Crowd power – recognise the power of changing demand and waves of interest. The power of social media can generate hype in an incredibly short space of time with the capability in the background to build things quickly (consider the immediate and overwhelming supply of fidget spinners). When I was in Tokyo, I saw a huge line for a tiny food stall and then about an hour later I saw another one. The reason; both were selling Maine Lobster rolls which was the ‘big thing’. My guess would be that it’s no longer the case and everyone is eating ‘Haggis balls’ or something. The capacity for people to wait for something ‘hip’, the speed of change and the scale of demand was remarkable. Just as soon as it came though, it would be gone so if you were a lobster roll only specialist you would be stuffed. (pun intended)

Consulting bit

Any time lag in meeting the demand or any inflexibility in being able to scale would have represented a huge loss in potential revenue. The local McDonaldsshu wasn’t selling lobster rolls because it couldn’t get there quickly enough. They were nonetheless doing some good trade in their usual fare. What you need then is the ability to have that two-speed business where you can maintain your core but you give yourself the capacity to change to meet specific needs which might come quickly from nowhere.

Where I’ve seen Japan mentioned, it’s not usually in the terms of it being a leader in customer experience it’s usually about efficiency, manufacturing, knowledge, accuracy, product design and creation. However, it’s possibly because they think about the latter ones so that they can deliver the former.

Arigato gozaimasu

See more blogs from Keith Logan san @ www.thecorporatefuturist.com

Design Thinking; an obituary in advance

Design-Thinking-01I am a management consultant of 15 years and in that time, there is only one immutable truth. That which says that everything can be structured, rolled up into a framework, split into a method, repurposed as training materials and then sold onto clients. You can’t sell an idea but you can sell the process to get the idea.

Each consulting epoch (2-3 years) has it’s own special flavour. Lean went from manufacturing through the sausage machine into desks at public sector offices and faded into standard operations. Agile started with software developers, scrums mutated into sprints and now gets applied everywhere and nowhere (especially in proposals). Design thinking is the current chef’s special and the signs are all there that it’s about to begin it’s process of becoming commoditised and therefore go gently into the good night.

Let’s examine the signs.

1) Training – I sat in a lecture from a well known consulting firm who were extremely proud that they were rolling out training to everyone in the whole organisation on design thinking; through a 1 hour online mandatory training course. Hmmmm

2) Use of the term Design Thinky – as in, we aren’t going to run design thinking but we are applying a Design Thinky approach

3) Certification – once real saturation point is reached, the only way forward is to propose a tiered system of accreditation to support multiple layers of training and expense; green belt, master user, 4th dan. It’s only a matter of time before we see a linked in profile extoling a person’s role as a 4th Level grandmaster Design Thinker – with proof of 400hrs of Design Thinking led work supported by 5 testimonies and a formal exam.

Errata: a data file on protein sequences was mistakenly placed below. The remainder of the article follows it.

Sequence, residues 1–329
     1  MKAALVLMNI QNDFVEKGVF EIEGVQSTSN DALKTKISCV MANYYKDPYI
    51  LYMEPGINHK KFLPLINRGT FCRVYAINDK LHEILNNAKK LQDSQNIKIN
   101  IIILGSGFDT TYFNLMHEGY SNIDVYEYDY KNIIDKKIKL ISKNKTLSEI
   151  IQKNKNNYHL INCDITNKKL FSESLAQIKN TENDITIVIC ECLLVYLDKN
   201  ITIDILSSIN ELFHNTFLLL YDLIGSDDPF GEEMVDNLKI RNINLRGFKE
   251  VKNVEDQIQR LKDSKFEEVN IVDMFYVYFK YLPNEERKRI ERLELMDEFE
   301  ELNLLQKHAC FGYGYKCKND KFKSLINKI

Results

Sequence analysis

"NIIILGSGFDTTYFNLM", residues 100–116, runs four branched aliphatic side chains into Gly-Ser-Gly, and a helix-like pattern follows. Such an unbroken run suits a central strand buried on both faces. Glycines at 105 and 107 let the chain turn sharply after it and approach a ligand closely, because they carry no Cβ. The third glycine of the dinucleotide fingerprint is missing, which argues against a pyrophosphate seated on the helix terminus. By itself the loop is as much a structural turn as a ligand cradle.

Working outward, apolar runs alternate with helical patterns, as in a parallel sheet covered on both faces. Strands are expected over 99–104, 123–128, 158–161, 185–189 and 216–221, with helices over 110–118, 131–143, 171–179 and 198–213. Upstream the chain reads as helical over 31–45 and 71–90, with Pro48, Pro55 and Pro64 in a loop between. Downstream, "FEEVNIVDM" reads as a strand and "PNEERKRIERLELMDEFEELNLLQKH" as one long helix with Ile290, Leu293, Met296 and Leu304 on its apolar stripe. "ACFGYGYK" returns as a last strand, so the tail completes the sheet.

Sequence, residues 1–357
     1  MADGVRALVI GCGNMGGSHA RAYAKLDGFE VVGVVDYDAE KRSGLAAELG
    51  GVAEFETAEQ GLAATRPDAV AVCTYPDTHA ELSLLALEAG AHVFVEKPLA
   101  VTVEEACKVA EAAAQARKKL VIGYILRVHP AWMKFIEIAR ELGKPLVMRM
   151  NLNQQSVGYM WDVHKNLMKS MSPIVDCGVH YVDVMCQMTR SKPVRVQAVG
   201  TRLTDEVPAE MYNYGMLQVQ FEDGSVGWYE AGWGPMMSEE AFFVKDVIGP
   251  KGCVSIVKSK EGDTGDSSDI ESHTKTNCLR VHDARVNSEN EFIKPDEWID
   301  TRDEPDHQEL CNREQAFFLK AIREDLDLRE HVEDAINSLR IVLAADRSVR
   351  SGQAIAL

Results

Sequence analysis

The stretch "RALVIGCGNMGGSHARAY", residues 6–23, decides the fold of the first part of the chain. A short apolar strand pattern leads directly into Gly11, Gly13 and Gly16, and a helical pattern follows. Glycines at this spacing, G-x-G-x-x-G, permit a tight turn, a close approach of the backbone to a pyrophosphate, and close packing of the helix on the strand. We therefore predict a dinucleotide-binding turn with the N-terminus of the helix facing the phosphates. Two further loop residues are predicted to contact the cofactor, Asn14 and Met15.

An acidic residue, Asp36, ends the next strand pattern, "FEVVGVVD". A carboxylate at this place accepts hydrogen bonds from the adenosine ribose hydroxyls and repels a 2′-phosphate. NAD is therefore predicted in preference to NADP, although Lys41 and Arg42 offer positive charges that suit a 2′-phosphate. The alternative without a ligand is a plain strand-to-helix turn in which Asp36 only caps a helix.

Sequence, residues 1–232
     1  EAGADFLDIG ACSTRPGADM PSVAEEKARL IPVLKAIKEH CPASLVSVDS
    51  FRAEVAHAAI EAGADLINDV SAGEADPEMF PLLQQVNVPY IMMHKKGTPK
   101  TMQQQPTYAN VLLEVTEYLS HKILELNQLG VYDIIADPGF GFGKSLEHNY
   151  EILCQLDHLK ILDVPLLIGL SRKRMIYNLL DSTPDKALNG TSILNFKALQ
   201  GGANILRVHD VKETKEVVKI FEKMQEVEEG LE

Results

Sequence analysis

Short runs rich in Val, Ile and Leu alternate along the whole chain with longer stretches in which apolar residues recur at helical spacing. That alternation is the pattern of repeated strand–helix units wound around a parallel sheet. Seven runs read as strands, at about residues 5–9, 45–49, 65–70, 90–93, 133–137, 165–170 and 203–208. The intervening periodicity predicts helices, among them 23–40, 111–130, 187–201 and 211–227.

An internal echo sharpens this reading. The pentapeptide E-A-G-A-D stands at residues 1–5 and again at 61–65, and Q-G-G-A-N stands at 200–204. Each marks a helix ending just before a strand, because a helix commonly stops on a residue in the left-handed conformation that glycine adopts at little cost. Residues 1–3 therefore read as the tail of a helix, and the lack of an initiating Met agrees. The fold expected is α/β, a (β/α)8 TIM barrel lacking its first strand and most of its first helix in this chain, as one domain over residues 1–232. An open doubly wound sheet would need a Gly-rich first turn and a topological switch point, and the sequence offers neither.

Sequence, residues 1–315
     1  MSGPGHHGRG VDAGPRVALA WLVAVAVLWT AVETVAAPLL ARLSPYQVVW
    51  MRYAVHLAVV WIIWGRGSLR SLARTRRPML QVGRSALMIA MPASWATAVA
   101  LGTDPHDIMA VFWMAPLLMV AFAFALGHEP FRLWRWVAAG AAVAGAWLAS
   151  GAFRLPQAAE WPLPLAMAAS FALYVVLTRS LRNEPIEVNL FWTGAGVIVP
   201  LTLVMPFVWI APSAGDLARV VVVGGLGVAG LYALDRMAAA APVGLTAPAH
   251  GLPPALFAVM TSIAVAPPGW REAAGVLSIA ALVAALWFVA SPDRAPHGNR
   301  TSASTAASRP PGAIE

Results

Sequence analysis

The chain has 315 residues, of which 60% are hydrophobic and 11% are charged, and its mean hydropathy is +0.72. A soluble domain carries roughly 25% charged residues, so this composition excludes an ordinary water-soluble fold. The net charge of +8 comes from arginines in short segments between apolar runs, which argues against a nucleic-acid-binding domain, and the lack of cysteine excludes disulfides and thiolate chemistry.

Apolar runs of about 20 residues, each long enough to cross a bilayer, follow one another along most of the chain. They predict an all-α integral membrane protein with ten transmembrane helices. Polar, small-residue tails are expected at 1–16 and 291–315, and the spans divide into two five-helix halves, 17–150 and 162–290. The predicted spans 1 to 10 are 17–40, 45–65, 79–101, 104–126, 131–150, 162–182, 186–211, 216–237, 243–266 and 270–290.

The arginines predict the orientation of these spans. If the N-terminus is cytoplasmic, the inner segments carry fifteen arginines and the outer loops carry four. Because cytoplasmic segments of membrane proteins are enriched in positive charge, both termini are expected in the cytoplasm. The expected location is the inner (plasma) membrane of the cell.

Here is what I find wrong with this. Design Thinking relies on some real skills which aren’t built by learning the process. You have to have people instincts which allow you to run interviews and assessment based on building rapport, applying psychology and to create real empathy. You can’t do this from a pro forma spreadsheet. You also have to have the imagination and insight which enables you to manage the creation of ideas. This requires facilitation skills which come from experience and again applies a lens of psychology into how you get the best out of people. To develop the ideas, you need the ability to prototype past the point of drawing some lines on a page or building a model with some sticks; there is dev ops, UX/UI right, process/op model, supply chain right behind which needs some specific skills. To run a linear process, you look at inputs and outputs/outcomes as points of certainty to progress. By definition, the approach should go back and forward, up and down to get the best out the people and the process.

Design thinking is not a new idea. The HBR published a article about it in 2008 and even that came 30 years after a book on visual thinking – idea-sketching, seeing, and imagining which formed the basis for the psychology behind the approach. Each element comes from having years of experience and range of people who can support and deliver the method. Ironically, if you have these people together then you wouldn’t need any process or model to get good outcomes, you would rely on the group genius and the skills to bring out the insight and the answer.

Should we not abandon teaching design thinking as a method and teach psychology, facilitation, customer centricity, dev ops, product design? Sounds a lot harder right?

I am therefore declaring Design Thinking dead just as I did that social media site when my Mum signed up; all the cool people would leave and find something new, no-one would use the full access to the facilities and surely there would be other better options. (Facebook I think they were called).